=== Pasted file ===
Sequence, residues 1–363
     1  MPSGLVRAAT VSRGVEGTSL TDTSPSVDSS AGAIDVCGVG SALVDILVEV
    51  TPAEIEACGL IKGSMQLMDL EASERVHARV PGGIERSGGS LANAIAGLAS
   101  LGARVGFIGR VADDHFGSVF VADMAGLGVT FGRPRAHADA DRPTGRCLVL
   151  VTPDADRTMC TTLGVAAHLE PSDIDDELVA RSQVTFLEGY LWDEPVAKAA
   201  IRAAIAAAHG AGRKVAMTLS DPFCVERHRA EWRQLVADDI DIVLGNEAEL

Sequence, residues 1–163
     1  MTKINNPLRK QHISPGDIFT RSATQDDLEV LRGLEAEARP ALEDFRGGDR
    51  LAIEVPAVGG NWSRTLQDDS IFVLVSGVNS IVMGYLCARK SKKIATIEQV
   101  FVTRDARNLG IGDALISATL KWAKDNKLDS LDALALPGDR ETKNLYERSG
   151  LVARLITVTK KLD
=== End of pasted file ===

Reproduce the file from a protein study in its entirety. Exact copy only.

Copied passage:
Sequence, residues 1–363
     1  MPSGLVRAAT VSRGVEGTSL TDTSPSVDSS AGAIDVCGVG SALVDILVEV
    51  TPAEIEACGL IKGSMQLMDL EASERVHARV PGGIERSGGS LANAIAGLAS
   101  LGARVGFIGR VADDHFGSVF VADMAGLGVT FGRPRAHADA DRPTGRCLVL
   151  VTPDADRTMC TTLGVAAHLE PSDIDDELVA RSQVTFLEGY LWDEPVAKAA
   201  IRAAIAAAHG AGRKVAMTLS DPFCVERHRA EWRQLVADDI DIVLGNEAEL

Sequence, residues 1–163
     1  MTKINNPLRK QHISPGDIFT RSATQDDLEV LRGLEAEARP ALEDFRGGDR
    51  LAIEVPAVGG NWSRTLQDDS IFVLVSGVNS IVMGYLCARK SKKIATIEQV
   101  FVTRDARNLG IGDALISATL KWAKDNKLDS LDALALPGDR ETKNLYERSG
   151  LVARLITVTK KLD